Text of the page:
The first point has been dealt with above. Interestingly, a closer inspection of the second reveals that, if anything, the broad mandate sets the Council up for more thorough scrutiny. Not only should its proposals on its chosen policy areas be scrutinised, but also the underlying issue of why those areas, in particular, were chosen and why others were not. In contrast, if those decisions were made by the Prime Minister, there would, in practical terms, be a ‘black hole’ of accountability where scrutiny of his mandate-setting for the Council would be crowded out by inspection of the Prime Minister’s other roles.
Nonetheless, it must be reiterated that although the Council can and should be criticised on its own terms, such criticism should ultimately reflect on the minister who is responsible for its creation — notwithstanding the fact that he is (obviously) personally distinct from the Council’s members. Thus, whether there ought to be specified terms of reference is a judgment call for the Minister, with consequences on substantive accountability more minimal than what may first appear.
That being said, the status quo lacks procedural accountability. Even if the Prime Minister intends for the Council to have carte blanche, the status quo is unsatisfactory as there has been no formal document issued from the Prime Minister’s Department recognising the Council’s existence, membership, structure, and temporal mandate. Such information has only been gleaned from statements by the Prime Minister and the Council’s members.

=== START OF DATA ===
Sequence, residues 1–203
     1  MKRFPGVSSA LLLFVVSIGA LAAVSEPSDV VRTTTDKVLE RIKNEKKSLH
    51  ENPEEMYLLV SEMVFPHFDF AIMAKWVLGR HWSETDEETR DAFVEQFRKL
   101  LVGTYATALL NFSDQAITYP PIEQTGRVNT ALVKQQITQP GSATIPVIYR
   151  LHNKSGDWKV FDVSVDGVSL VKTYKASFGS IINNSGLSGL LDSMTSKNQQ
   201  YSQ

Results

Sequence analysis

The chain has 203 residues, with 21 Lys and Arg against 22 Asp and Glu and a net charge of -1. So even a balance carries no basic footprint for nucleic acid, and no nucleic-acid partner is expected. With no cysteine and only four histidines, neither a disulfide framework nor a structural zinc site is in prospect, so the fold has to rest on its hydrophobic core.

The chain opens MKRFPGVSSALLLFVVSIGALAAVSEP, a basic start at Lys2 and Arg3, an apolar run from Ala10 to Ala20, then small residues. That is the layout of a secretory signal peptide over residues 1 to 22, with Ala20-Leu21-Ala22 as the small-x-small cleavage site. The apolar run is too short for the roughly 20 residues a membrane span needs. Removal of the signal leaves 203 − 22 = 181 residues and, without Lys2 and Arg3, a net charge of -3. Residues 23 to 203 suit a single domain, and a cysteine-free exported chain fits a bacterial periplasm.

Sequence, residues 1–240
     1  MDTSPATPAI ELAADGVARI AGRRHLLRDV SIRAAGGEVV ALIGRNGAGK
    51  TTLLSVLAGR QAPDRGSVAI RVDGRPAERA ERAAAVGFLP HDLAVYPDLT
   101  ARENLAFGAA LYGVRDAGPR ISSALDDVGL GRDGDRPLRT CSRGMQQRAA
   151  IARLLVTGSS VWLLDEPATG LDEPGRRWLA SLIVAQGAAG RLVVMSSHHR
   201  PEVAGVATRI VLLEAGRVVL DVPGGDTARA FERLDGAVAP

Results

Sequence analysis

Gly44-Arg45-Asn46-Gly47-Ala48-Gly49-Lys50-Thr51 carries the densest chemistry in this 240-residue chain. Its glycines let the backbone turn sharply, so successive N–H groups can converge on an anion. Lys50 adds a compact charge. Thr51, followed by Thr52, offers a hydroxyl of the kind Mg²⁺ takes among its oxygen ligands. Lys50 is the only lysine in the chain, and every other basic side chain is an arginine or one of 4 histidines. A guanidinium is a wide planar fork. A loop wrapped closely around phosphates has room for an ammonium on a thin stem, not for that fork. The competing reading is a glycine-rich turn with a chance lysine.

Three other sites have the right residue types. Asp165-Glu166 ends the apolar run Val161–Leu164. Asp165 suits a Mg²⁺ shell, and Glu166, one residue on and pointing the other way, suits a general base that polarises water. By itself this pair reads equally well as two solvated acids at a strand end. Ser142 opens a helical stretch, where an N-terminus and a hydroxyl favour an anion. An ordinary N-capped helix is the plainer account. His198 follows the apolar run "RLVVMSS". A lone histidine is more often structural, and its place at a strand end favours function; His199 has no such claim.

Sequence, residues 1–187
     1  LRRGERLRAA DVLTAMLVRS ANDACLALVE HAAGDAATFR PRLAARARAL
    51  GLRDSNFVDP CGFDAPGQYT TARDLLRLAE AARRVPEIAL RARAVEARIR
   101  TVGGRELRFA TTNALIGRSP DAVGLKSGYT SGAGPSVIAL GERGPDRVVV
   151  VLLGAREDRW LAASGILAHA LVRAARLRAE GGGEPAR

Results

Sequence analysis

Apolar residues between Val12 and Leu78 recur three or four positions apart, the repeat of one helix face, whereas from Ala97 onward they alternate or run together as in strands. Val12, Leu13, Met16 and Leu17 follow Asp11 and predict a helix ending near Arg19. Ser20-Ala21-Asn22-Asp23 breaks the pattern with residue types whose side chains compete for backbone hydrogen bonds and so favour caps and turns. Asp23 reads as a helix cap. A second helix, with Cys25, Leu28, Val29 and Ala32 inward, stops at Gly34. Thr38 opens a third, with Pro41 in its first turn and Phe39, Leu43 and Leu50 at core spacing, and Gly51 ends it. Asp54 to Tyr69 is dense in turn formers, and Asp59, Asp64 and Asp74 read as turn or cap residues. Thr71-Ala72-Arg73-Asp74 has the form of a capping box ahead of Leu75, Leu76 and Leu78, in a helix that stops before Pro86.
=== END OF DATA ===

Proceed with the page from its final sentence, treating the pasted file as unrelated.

V. GOING FORWARD
For the future, two alternatives exist for the legitimation of advisory entities like the Council. The first would be the approach favoured by the United Kingdom (UK), whereby special advisers are made ‘temporary civil servants’ who are exempt from the general requirement that civil servants be selected on the basis of merit. In a sense, this would be to discretise their roles into individual advisers to the Prime Minister, with the ‘Council’ emerging out of their collective existence. Although this is already applied to a limited degree in Malaysia, with ministers’ special officers treated as quasi-official members of the civil service employed by the relevant ministry or agency, current arrangements still lack necessary transparency. Where the ‘invisibility’ of career civil servants is justified by the requirement that they be politically impartial and appointed by merit, such a rationale does not apply to temporary civil servants who are appointed due to political patronage, policy expertise, or both. Thus, it would be reasonable to require — as the UK does — the government to publish annual reports on special advisers in government with details including their identities and pay grades. Additionally, they should be subject to any broader reforms to the civil service, including the potential imposition of mandatory codes of practice, ethics rules, and asset disclosure requirements.